Using my new Raspberry Pi to run an existing GitHub Action

Recently, I mentioned how I refactored the script that kept my GitHub profile up-to-date. Since Geecon Prague, I’m also a happy owner of a Raspberry Pi:

Though the current setup works flawlessly – and is free, I wanted to experiment with self-hosted runners. Here are my findings.


GitHub offers a large free usage of GitHub Actions:

GitHub Actions usage is free for standard GitHub-hosted runners in public repositories, and for self-hosted runners. For private repositories, each GitHub account receives a certain amount of free minutes and storage for use with GitHub-hosted runners, depending on the account’s plan. Any usage beyond the included amounts is controlled by spending limits.

About billing for GitHub Actions

Yet, the policy can easily change tomorrow. Free tier policies show a regular trend of shrinking down when:

A large enough share of users use the product, lock in
Shareholders want more revenue
A new finance manager decides to cut costs
The global economy shrinks down
A combination of the above

Forewarned is forearmed. I like to try options before I need to choose one. Case in point: what if I need to migrate?

The theory

GitHub Actions comprise two components:

The GitHub Actions infrastructure itself.
It hosts the scheduler of jobs.
Runners, which do run the jobs

By default, jobs run on GitHub’s runners. However, it’s possible to configure one’s job to run on other runners, whether on-premise or in the Cloud: these are called self-hosted runners.

The documentation regarding how to create self-hosted runners gives all the necessary information to build one, so I won’t paraphrase it.

I noticed two non-trivial issues, though. First, if you have jobs in different repositories, you need to set up a job for each repository. Runner groups are only available for organization repositories. Since most of my repos depend on my regular account, I can’t use groups. Hence, you must duplicate each repository’s package on the runner’s Pi.

In addition, there’s no dedicated package: you must untar an archive. This means there’s no way to upgrade the runner version easily.

That being said, I expected the migration to be one line long:

#runs-on: ubuntu-latest
runs-on: self-hosted

It’s a bit more involved, though. Let’s detail what steps I had to undertake in my repo to make the job work.

The practice

GitHub Actions depend on Docker being installed on the runner. Because of this, I thought jobs ran in a dedicated image: it’s plain wrong. Whatever you script in your job happens on the running system. Case in point, the initial script installed Python and Poetry.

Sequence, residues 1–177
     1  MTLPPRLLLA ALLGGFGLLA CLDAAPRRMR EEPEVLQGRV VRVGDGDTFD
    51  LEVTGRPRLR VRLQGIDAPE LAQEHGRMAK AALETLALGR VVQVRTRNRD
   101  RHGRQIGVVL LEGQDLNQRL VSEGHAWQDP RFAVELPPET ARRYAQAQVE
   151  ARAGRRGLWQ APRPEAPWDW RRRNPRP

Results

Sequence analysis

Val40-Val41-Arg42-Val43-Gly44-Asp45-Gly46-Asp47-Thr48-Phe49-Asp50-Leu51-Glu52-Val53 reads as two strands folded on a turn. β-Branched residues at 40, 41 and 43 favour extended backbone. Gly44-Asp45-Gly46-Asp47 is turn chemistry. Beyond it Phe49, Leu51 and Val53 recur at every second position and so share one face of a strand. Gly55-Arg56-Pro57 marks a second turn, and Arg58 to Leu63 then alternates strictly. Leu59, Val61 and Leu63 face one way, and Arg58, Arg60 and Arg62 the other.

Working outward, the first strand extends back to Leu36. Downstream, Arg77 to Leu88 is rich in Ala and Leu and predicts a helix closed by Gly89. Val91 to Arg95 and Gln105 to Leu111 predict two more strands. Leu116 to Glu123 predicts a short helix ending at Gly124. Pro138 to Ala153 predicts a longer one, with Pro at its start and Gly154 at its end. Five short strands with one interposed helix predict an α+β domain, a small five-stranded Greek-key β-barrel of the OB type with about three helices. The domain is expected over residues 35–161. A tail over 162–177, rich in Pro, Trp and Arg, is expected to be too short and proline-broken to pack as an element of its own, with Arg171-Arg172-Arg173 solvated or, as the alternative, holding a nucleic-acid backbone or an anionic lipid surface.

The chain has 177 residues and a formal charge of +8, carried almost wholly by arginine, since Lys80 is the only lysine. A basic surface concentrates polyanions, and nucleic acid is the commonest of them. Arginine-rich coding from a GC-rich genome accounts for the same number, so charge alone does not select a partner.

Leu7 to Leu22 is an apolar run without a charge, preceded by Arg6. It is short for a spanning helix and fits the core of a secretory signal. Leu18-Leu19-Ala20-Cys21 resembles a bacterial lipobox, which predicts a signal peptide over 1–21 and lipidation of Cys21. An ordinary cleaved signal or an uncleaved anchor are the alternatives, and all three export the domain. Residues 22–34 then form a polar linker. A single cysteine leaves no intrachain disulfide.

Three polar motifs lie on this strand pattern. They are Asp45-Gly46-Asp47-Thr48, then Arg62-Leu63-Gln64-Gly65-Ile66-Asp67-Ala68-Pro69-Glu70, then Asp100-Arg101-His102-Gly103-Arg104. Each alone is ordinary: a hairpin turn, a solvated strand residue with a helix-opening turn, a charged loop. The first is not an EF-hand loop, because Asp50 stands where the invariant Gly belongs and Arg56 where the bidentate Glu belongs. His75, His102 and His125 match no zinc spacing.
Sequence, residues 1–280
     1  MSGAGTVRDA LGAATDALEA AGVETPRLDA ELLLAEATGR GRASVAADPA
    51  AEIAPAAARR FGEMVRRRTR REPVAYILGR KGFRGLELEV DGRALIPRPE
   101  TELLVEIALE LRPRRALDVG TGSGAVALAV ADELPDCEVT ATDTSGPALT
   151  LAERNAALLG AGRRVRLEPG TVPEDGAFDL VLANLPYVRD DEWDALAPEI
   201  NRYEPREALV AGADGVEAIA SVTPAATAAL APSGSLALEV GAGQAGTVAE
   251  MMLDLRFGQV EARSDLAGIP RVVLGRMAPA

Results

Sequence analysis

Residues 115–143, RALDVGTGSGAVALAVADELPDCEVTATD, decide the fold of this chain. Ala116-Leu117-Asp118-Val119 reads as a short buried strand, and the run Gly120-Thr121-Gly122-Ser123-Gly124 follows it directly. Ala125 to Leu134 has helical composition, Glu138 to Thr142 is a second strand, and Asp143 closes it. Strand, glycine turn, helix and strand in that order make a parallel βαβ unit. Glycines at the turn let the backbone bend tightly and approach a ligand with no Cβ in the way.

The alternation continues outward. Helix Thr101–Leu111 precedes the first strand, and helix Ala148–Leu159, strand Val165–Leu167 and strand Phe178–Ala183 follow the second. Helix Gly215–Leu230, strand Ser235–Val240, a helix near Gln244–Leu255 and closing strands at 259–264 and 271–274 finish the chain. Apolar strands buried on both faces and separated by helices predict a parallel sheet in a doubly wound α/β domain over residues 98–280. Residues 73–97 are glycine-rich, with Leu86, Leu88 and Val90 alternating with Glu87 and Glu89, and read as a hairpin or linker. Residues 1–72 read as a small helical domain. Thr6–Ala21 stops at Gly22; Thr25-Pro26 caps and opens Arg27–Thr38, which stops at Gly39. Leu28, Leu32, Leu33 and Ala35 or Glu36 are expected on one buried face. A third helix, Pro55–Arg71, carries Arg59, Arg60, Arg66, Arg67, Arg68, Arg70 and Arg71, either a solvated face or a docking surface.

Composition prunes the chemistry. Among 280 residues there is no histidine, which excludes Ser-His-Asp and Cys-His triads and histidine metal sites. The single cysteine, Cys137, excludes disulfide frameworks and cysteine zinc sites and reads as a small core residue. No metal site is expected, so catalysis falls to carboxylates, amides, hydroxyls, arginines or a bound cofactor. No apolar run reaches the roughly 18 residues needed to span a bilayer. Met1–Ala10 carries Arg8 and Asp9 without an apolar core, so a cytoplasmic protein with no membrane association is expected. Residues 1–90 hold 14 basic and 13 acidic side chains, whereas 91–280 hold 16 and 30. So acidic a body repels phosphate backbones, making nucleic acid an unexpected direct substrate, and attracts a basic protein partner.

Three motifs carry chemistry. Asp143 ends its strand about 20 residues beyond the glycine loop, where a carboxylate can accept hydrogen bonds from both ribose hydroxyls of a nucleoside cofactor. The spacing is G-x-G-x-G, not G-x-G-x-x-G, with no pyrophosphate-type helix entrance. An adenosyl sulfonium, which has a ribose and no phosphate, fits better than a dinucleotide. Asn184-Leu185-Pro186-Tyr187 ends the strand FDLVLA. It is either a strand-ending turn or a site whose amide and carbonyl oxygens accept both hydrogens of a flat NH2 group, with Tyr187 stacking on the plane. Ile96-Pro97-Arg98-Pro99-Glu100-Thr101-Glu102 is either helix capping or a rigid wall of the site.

runs-on: ubuntu-latest
– name: Set up Python 3.x
uses: actions/setup-python@v5
python-version: 3.12
– name: Set up Poetry
uses: abatilo/actions-poetry@v2
poetry-version: 1.7.1

In the context of a temporary container created during each run, it makes sense; in the context of a stable, long-running system, it doesn’t.

Raspbian, the Raspberry default operating system, already has Python 3.11 installed. Hence, I had to downgrade the version configured in Poetry. It’s no big deal because I don’t use any specific Python 3.12 feature.

[tool.poetry.dependencies] python = “^3.11”

Raspbian forbids the installation of any Python dependency in the primary environment, which is a very sane default. To install Poetry, I used the regular APT package manager:

sudo apt-get install python-poetry

The next was to handle secrets. On GitHub, you set the secrets on the GUI and reference them in your scripts via environment variables:

runs-on: ubuntu-latest
– name: Update README
run: poetry run python src/ –live

It allows segregating individual steps so that a step has access to only the environmental variables it needs. For self-hosted runners, you set environment variables in an existing .env file inside the folder.

runs-on: ubuntu-latest
– name: Update README
run: poetry run python src/ –live

If you want more secure setups, you’re on your own.

Finally, the architecture is a pull-based model. The runner constantly checks if a job is scheduled. To make the runner a service, we need to use out-of-the-box scripts inside the runner folder:

sudo ./ install
sudo ./ start

The script uses systemd underneath.


Migrating from a GitHub runner to a self-hosted runner is not a big deal but requires changing some bits and pieces.

Most importantly, you need to understand the script runs on the machine.

This means you need to automate the provisioning of a new machine in the case of crashes.

I’m considering the benefits of running the runner inside a container on the Pi to roll back to my previous steps.

I’d be happy to hear if you found and used such a solution. In any case, I’m not migrating any more jobs to self-hosted for now.

To go further:

About billing for GitHub Actions
About self-hosted runners
Configuring the self-hosted runner application as a service

Originally published at A Java Geek on March 10th 2024

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